A homeless man holds a brother who has fallen on the streets. Artwork by Dave Kim


by J. Fernandez Rua

In this sooty soup
grit-gray rain
I need to lay it down.
Let it all go
and tell you about a real poem.
A poem made of flesh and blood
with far-seeing eyes
and a deep
and powerful grace.
His name was Juan Gonzalez.
Juan Gonzalez.
I met him on a line
waiting for a bowl of soup and a
piece of bread.
And soon, within weeks, we were
He became a brother to me.
Where he walked, I walked.
Where he ate, I ate.
Where he slept, I slept.
When I was sick, he nursed me.
When he was sick, I nursed him.
we even slept under the same blanket.
At times, he reminded me of St. Francis
Because he loved pigeons too.
Called them his little brothers.
Then just when I was beginning to see
that this man
who walked around with the words
of Jesus in his pocket,
that this man could teach me
something real
what we expect but never talk about
especially on the street — happened:
One December night he fell asleep
on a bench
in Old Man’s Park
and never woke up again.
His beautiful heart just stopped.
The streets had worked him too hard
for too long.
And now he was done.
So remember:
His name was Juan Gonzalez.
And he died on a bench
in Old Man’s Park.
Not because he was a drunk, demented,
or insane.
Not because he was on heroin or crack.
Not because he didn’t want to live.
The truth is simple.
He wanted what we all want:
to love and be loved
in the peace of his own God.
And something more.
More than anything —
to be useful
to be useful.
Yes, the truth is simple:
He died because
and only because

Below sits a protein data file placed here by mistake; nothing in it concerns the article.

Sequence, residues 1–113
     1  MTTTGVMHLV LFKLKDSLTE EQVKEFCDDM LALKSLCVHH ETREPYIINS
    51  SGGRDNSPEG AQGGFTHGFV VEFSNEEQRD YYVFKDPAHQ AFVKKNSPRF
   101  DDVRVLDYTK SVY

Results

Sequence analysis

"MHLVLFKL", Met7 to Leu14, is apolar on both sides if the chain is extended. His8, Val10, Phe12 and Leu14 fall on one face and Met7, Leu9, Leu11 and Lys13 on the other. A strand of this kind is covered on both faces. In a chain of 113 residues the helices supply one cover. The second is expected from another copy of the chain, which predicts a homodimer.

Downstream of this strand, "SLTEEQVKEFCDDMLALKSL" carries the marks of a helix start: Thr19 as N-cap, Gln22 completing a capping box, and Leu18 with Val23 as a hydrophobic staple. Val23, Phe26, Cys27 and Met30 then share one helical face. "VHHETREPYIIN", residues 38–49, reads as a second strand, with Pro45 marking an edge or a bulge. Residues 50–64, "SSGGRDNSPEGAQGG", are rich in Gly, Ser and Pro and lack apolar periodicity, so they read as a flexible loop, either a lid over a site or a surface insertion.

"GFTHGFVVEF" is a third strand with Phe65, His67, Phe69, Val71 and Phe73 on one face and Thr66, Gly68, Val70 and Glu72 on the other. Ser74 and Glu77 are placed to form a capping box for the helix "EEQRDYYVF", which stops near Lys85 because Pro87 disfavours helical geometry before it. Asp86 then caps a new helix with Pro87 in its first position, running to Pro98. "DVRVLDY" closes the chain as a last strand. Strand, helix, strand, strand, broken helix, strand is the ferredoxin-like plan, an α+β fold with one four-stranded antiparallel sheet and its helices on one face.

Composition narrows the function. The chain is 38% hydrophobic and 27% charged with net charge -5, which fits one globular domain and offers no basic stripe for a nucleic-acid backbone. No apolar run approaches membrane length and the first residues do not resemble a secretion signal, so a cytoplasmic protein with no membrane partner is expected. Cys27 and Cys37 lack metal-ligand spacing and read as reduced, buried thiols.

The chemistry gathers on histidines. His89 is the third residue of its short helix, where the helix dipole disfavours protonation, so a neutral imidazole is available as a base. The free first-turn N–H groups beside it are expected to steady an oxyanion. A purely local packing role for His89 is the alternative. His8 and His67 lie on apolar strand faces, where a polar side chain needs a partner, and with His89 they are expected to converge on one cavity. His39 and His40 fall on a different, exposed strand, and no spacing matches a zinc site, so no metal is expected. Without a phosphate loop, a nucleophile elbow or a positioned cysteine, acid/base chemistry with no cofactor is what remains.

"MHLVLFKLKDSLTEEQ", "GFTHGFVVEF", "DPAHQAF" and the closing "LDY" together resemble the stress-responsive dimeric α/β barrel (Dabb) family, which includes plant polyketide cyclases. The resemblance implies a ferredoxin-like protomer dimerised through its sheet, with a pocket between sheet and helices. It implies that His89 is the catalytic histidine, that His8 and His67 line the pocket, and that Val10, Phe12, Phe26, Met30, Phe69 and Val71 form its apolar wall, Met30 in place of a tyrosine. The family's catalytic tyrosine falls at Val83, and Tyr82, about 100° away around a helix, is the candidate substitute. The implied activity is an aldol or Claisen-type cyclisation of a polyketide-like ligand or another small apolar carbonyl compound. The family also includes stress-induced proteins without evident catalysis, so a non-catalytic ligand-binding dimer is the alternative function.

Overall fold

like me,
maybe like you,
he was poor,
gritty gray poor.
And except for Sister Mary and her
few sisters, here and there,
you tell me
Who gives a damn about the poor
Stand or kneel,
beg or cry
we are on our own.
No one knew that better
or deeper
than my brother Juan Gonzalez.
And if he were here today,
Right now.
He would say this:
“My people tears of thee,
tears of me.  Joy of me.
This sweet land where Jesus lives,
where Jesus bleeds,
this country my father loved,
that I love,
this earth and sky,
belongs to us too.
And that house we built
with our sweat and blood,
that we carry on our backs
gleaming white in the morning sun
where our president lives
that house belongs to us too.
So let us not be demonized
Let us not be cast aside
Let us not be victimized
or shamed into a silence
where nothing grows but pity and pain.
Let us rise instead.
Yes, let us rise.
Rise above the fear,
beyond the sooty, sorry streets
that beat us down to blue and gray.
Let us rise and be the dreamcatchers
we were born to be.
Let us rise to the revelation
that we are made of love.
I said love.
A light so true and fearless
that it won’t be deferred or denied.
Never again left to die in the dark.
Yes, my people, tears of thee
tears of me.
Joy of me.
Whatever your name is
I am you
Whatever language or culture you
were born into
I am you
Whatever race you belong to
I am you
Whatever faith you hold onto
I am you
Whether you are man or woman
I am you
Whether you’re in prison in New York
or a detention camp in the fields
of Nebraska
I am you
Whether you’re sleeping on a square
of cardboard in Oakland
or under a grid in Philadelphia
I am you
I am in every living pulsating cell
that hungers for justice
and the right to love.
I am you.
I am you.